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Asean Affairs    5  October  2011

Is dam rejection a milestone for Myanmar?

By  David Swartzemtruber

AseanAffairs     5  October 2011

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It came suddenly without warning. No, I am not talking about another flash flood in Asean but the decision of Myanmar’s new government to stop work on the Myitsone dam on the Irrawaddy River.

The announcement came last week in the Myanmar Parliament from the lips of President Thein Sein.

The Chinese are of course, upset. The plan was for the Chinese to build the dam with an investment of US$3.6 billion and then have 90 percent of the electricity go to China. This is just another case of China’s desire to colonize its Asean neighbors for its economic benefit. In Myanmar, electricity is a luxury in some areas of the impoverished country, so the dam would be of little benefit to is host country.

The Myanmar president said the dam would threaten the natural beauty of Myitsone as a landmark not only for Kachin State but for the whole country; it would lead to possible loss of livelihoods in inundated villages upstream; it might destroy rubber and teak plantations under private ownership; it would threaten lives and property downstream if destroyed by torrential rains, earthquake, or runoff from snow-capped northern mountains under climate change and it might have a devastating effect on the Irrawaddy River.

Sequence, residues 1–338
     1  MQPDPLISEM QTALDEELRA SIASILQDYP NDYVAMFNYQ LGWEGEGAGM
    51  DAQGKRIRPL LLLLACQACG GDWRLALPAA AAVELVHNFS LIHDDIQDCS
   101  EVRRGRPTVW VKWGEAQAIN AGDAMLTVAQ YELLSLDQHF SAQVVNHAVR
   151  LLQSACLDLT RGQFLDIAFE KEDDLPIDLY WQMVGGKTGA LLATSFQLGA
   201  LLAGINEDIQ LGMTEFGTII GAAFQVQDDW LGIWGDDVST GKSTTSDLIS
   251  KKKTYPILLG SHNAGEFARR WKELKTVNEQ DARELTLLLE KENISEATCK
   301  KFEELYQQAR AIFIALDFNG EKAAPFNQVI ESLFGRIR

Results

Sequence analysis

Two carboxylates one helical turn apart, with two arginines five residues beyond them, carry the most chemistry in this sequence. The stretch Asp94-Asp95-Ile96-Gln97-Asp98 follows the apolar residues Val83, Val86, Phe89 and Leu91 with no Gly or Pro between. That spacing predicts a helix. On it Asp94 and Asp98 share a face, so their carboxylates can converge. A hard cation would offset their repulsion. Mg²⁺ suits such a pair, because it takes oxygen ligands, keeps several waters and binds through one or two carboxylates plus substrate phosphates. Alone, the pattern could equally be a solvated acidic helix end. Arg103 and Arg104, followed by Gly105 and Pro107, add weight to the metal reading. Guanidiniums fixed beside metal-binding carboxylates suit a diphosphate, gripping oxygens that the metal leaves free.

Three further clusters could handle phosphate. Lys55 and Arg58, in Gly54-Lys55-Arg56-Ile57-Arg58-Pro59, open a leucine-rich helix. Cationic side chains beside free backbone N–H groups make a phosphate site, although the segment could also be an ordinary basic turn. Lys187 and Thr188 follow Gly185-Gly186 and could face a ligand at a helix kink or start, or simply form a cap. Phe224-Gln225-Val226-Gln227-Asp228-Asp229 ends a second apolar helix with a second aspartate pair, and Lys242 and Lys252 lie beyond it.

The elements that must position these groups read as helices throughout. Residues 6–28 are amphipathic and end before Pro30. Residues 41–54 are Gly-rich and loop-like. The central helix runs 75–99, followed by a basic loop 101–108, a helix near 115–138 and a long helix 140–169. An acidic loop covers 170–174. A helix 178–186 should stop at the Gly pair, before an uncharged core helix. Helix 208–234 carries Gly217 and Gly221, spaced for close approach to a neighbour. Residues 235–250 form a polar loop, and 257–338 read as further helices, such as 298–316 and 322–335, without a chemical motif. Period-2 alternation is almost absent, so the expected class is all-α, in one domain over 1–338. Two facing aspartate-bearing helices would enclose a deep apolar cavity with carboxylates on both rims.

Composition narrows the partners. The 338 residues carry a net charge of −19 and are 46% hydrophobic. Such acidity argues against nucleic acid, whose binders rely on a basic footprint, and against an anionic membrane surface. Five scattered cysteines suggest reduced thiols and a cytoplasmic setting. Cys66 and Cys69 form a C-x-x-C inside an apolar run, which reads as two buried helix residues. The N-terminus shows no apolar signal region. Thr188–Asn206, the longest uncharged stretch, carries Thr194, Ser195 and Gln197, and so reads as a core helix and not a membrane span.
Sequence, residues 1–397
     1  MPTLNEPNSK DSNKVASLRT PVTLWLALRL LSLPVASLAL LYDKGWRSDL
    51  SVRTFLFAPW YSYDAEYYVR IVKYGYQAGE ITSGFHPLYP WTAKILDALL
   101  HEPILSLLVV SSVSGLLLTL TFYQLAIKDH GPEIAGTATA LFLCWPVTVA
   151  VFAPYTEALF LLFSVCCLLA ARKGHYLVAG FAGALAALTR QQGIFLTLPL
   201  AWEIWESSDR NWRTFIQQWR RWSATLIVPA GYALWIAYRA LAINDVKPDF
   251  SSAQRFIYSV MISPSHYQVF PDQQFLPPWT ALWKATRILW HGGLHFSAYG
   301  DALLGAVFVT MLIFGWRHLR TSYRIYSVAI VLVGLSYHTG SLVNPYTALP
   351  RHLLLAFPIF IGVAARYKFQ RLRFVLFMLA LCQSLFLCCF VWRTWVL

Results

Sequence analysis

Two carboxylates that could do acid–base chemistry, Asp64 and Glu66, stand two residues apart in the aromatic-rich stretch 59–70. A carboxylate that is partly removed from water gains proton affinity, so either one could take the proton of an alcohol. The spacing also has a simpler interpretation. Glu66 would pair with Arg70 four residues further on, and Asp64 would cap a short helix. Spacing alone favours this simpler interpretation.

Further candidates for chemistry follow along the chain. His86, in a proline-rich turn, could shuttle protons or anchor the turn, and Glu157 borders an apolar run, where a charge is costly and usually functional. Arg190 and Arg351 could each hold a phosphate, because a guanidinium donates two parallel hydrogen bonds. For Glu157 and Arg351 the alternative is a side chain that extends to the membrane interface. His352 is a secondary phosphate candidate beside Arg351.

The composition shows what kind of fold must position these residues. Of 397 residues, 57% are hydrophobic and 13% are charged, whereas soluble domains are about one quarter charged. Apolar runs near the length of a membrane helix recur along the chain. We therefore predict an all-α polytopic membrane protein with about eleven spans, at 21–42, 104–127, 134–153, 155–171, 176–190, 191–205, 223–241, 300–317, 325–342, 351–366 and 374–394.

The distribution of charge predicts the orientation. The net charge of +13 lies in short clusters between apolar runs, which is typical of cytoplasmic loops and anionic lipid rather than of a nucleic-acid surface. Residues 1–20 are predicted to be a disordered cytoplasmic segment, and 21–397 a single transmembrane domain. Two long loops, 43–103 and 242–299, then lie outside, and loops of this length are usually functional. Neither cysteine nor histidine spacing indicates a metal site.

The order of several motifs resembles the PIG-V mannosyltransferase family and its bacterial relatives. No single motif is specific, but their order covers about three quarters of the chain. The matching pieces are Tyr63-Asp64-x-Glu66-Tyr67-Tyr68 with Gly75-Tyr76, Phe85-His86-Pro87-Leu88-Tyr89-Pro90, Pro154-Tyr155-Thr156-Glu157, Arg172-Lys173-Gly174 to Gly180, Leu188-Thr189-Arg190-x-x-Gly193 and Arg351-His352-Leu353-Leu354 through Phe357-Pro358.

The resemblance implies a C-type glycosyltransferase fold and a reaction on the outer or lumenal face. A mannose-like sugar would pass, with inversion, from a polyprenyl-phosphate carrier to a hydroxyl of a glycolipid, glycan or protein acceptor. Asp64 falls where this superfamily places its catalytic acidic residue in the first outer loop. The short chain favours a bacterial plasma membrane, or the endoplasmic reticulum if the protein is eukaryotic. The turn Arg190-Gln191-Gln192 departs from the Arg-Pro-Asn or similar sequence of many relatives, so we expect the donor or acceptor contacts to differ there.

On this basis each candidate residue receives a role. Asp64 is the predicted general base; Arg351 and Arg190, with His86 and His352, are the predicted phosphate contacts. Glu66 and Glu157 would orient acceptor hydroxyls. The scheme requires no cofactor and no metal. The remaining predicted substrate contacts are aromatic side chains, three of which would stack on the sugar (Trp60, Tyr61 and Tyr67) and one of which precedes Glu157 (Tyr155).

The key factor apparently was the leaking of the Environmental Impact Assessment (EIA) on the dam to the general public. Many were shocked over the impact the dam would have on the Myitsone region.

The suspension of the dam continues during the present government’s term that ends in 2015.

The fallout from suspending the dam may even reach Laos, where the controversial Xayaburi dam on the Mekong River in Laos is opposed by many for the same reasons that are cited in the Myitsone dam case.

The Xayaburi dam is supposed to help Laos become the “battery of Asia” but most of the electrical power is to go to Thailand, as that Asean member state is financing and building the project through its private banks and construction companies. The proposed Xayaburi is close to a fault line and the impact on the Greater Mekong Subregion socially or economically was not properly assessed in the EIA.

Dams to generate power are commonplace all around the globe, but they do change the environment.

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This year in Thailand-what next?

AseanAffairs   04 January 2011
By David Swartzentruber      

It is commonplace in journalism to write two types of articles at the transition point between the year that has passed and the New Year. As this writer qualifies as an “old hand” in observing Thailand with a track record dating back 14 years, it is time take a shot at what may unfold in Thailand in 2011.

The first issue that can’t be answered is the health of Thailand’s beloved King Bhumibol, who is now 83 years old. He is the world's longest reigning monarch, but elaborate birthday celebrations in December failed to mask concern over his health. More


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